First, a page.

Hong Kong flag carrier Cathay Pacific announced plans to discontinue Cathay Dragon regional airline and lay off 17% of the company’s workforce, as well as go on with HK$2.2 billion ($283.9 million) restructuring plan that will cause changes in workers’ contracts, significant executive pay cuts and delays to Boeing 777-9 deliveries.

The plan was announced on October 21, 2020. Although Cathay said that the workforce is going to be reduced by almost one-fourth, resulting in 8,500 cut positions, discontinued recruitment and natural attrition will cover part of the number. As a result, 5,300 employees based in Hong Kong and 600 workers in other countries are going to be fired in one of the largest lay off sprees the industry saw since the beginning of the crisis.

Cathay Dragon, also known as Dragonair – Cathay’s regional subsidiary flying since 1985 – is going to be closed off completely, ceasing its operations with immediate effect and scrambling journalists to come up with serpentine puns. The hoard of Dragon’s routes is going to be overtaken by Cathay Pacific and its another subsidiary, HK Express.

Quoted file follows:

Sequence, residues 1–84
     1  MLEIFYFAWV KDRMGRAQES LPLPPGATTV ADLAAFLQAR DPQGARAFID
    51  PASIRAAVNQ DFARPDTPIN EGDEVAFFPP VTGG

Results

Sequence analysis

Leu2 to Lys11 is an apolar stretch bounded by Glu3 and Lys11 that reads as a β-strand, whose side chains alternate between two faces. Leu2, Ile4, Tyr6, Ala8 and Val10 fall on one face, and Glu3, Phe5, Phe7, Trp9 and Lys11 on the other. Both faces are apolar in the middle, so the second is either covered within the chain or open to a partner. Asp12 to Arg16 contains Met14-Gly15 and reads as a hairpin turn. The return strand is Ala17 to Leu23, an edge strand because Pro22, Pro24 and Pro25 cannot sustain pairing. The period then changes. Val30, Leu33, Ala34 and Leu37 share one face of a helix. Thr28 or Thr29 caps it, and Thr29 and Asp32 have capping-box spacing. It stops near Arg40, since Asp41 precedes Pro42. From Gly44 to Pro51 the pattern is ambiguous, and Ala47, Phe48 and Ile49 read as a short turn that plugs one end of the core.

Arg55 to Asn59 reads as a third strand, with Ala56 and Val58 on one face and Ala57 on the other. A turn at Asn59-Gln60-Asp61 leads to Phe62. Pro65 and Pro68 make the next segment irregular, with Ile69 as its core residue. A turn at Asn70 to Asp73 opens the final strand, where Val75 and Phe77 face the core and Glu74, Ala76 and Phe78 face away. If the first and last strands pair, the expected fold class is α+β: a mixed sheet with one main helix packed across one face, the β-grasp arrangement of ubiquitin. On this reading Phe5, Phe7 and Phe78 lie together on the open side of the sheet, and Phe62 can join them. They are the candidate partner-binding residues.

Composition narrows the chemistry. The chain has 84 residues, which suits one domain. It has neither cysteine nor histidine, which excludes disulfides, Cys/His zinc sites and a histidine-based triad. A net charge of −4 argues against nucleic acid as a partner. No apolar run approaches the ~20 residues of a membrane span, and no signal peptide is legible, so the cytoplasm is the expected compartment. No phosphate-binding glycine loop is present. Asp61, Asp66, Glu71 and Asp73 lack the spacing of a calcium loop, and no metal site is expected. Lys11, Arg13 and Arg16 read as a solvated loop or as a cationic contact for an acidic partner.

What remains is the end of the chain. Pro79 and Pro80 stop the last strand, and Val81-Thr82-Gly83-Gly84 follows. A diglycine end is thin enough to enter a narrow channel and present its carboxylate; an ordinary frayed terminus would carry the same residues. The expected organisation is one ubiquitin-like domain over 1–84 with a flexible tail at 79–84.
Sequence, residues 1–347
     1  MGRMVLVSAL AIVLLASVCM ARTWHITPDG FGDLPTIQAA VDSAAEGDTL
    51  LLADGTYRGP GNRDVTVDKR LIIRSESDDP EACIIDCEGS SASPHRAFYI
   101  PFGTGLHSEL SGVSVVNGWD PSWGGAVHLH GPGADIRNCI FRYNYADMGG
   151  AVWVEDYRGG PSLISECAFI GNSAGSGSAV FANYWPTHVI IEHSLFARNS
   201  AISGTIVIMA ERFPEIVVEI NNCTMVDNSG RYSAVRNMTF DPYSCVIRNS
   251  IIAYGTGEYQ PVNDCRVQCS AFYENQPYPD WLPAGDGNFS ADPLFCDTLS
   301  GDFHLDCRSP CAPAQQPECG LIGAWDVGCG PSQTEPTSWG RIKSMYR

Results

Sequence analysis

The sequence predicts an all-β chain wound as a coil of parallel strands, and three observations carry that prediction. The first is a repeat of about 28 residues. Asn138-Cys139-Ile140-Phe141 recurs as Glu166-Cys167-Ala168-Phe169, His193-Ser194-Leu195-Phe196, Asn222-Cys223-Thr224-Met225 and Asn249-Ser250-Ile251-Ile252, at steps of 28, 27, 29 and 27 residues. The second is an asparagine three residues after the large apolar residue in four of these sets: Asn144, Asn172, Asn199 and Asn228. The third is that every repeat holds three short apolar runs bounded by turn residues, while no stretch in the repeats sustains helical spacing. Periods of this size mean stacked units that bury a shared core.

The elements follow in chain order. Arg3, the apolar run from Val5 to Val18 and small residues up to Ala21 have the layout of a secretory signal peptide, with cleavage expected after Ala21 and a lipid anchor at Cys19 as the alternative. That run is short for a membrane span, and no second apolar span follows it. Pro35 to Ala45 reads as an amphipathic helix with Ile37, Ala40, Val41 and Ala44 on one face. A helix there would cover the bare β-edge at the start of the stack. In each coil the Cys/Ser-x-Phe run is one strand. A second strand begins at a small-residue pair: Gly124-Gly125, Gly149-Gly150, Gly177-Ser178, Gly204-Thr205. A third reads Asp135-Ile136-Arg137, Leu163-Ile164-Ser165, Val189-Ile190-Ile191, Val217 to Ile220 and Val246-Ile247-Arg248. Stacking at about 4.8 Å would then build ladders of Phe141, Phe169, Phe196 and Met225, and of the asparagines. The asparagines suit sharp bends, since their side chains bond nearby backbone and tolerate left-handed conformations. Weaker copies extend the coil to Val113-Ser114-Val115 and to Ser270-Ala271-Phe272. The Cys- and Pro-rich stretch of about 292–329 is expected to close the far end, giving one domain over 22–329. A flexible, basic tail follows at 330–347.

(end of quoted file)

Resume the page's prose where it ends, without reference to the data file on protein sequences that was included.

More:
The airline also said it is going to continue pay cuts for executives, as well as call off pay raises and bonuses for all employees through 2021. The delivery of 21 Boeing 777-9 airliners is postponed to 2024 too.

This way Cathay hopes to reduce its cash burn from HK$2 billion ($258 million) to HK$1.5 billion ($193 million) per month. 

In September 2020, Cathay operated at just 2% of its pre-pandemic capacity, and did not hope to return to more than 50% through 2021. It opted not to apply for the latest round of government support, paving way for layoffs and substantial restructuring. 

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After facing the consequences of social unrest in the city of Hong Kong, Cathay Pacific took the full brunt of the coronavirus COVID-19 pandemic. While cases were just starting to boom in mainland China, the airline was already registering a new drop in demand that cut short any hope of improvement. Six months later, the Hong Kong-based airline is even deeper in the red and does not expect to see a “meaningful recovery” any time soon.